What to look for when hiring a coach

We have all heard it before. Promises from others that their service will solve the problems your company is facing. But how do you know this is true? How do you determine which coach to work with or service to purchase?

Consumers and business owners alike are asking themselves this question. On the consumer front we recently saw a backlash of big claims, with reportedly little proof to back it up, by the multi million dollar lawsuit that Devry is feeling the pain from.

Devry is facing lawsuits from states across the nation followed by a $49 million fine by the FTC. Not the easiest situation to be in however is an example on the far end of the spectrum of what not to do. What can you learn from this when investing in a service and also providing solutions to your customers?

Here are three tips of how to navigate through the decision making process.


#1 - When in need of assistance, lead with openness and not desperation

It happens to everyone. The pressure you feel to meet you're quarterly goals of increasing sales, retaining customers, reducing operational risks, the list can go on and on.

When the deadline approaches and everything you've tried before isn’t working the answer is not to panic. This can be easier said than done but keeping a cool head when others are loosing theirs will keep you ahead of the pack.

When looking for a coach, consultant or trainer the best thing you can do is to be clear on why you are hiring them. This can either be a specific list of problems that your company is facing that you are looking to remedy. It can also be a transparent conversation to say you're not sure exactly what the problem is but your open to discovering the answer.

Bringing this honest approach to your coach will be a major win for both of you because it cuts through the facade that everything isn't that bad.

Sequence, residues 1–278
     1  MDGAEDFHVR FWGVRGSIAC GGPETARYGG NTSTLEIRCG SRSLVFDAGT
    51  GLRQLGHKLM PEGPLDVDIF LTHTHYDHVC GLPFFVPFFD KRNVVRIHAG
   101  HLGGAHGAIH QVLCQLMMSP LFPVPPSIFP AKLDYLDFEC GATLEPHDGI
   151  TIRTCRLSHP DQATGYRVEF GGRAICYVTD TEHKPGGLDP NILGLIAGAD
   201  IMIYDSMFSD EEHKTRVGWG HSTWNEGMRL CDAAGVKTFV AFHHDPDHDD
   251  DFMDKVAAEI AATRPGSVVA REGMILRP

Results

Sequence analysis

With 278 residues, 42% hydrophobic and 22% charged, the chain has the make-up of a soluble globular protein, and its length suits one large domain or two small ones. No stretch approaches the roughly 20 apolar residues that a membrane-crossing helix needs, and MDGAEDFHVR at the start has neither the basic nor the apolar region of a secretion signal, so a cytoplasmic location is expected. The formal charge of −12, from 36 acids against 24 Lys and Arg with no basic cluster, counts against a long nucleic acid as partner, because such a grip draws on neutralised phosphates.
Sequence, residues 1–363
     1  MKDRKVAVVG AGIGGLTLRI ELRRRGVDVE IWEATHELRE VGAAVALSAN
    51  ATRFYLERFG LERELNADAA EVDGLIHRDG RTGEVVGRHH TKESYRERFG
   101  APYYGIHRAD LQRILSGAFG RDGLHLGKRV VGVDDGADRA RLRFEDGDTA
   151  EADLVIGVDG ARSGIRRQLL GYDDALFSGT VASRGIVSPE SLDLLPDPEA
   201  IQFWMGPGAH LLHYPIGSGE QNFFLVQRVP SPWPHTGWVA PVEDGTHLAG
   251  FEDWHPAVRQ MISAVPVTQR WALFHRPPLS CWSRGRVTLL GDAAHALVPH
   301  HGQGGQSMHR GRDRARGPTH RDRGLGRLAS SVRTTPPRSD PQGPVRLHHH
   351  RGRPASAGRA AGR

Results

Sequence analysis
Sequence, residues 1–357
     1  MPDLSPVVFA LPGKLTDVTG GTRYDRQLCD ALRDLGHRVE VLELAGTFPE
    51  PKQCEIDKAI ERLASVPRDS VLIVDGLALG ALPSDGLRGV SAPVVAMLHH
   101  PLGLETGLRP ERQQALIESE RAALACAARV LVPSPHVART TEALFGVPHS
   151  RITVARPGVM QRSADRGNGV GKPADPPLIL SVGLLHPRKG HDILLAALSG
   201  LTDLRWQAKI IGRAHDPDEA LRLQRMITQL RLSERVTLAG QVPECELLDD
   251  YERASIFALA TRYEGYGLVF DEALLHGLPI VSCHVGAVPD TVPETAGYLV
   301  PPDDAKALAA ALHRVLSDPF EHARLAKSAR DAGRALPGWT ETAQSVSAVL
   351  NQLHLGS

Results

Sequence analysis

# 2- Recommit ASAP

As the leader it can feel as if the weight of the world is on your shoulders. To be honest, it is supposed to. The world is your company and the weight are the expectations that you’ve set for the business. When the weight get’s heavy thats a sign that the leadership muscle is ready for a new workout.

Here’s the honest truth that not many people talk about. Running a business is not the easiest thing to do. If it was easy everyone would be rich & successful. Others can talk about how much they want the prize but few are willing to step in the ring to fight and earn it.

But, you’re not one of those people that throw in the towel.

In the process of looking for a coach first make a personal decision to recommit to achieving massive success. When this happens the relationship you bring to the table in working with your coach is a partnership that can work like a well oiled machine. The coach cannot recommit for you, nor should they try too. 

# 3- Be okay with being uncomfortable

Working with a professional to turn your business around is not a clean and easy process. A coach is not a high priced friend or someone that tells you what you want to hear. A coach tells you the truth of the matter, as their expertise sees it. Their job is to bring to light what isn’t working along with a solution to fix it.

If that isn't what you're getting ask yourself why not? Is this person providing solutions? Are they able to make the claims with the results to match?

Even in the process of working with an expert remember you are still the captain of the ship & you know your business. In any healthy working relationship it’s completely expected for the client to bring questions to the table. The questions help you to be heard and your coach to dig deep to find the gaps within your business along with the solution to solve for it.

Are you in need of an expert to transform your business? Sign up today for a free business evaluation and strategic action plan. Click here to schedule a consult or email hello@vosgroup.org


The VOS Group LLC delivers solutions to create seamless business operations to reduce lost revenue, create a more productive team and loyal customers. To learn more visit www.vosgroup.org